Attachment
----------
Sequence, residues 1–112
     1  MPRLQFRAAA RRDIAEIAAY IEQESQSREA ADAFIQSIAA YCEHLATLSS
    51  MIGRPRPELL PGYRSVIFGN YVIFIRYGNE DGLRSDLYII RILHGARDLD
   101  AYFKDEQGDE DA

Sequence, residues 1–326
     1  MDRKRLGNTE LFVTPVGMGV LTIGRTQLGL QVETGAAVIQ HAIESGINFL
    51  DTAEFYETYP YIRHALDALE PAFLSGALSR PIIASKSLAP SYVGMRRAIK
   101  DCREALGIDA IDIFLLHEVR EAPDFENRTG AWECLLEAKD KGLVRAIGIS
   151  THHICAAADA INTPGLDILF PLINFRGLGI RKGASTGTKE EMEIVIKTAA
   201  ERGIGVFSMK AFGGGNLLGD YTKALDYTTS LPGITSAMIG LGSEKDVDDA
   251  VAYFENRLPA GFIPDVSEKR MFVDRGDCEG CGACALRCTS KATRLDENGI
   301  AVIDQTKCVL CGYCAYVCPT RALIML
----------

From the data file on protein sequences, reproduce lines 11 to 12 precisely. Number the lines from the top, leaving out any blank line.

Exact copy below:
   251  VAYFENRLPA GFIPDVSEKR MFVDRGDCEG CGACALRCTS KATRLDENGI
   301  AVIDQTKCVL CGYCAYVCPT RALIML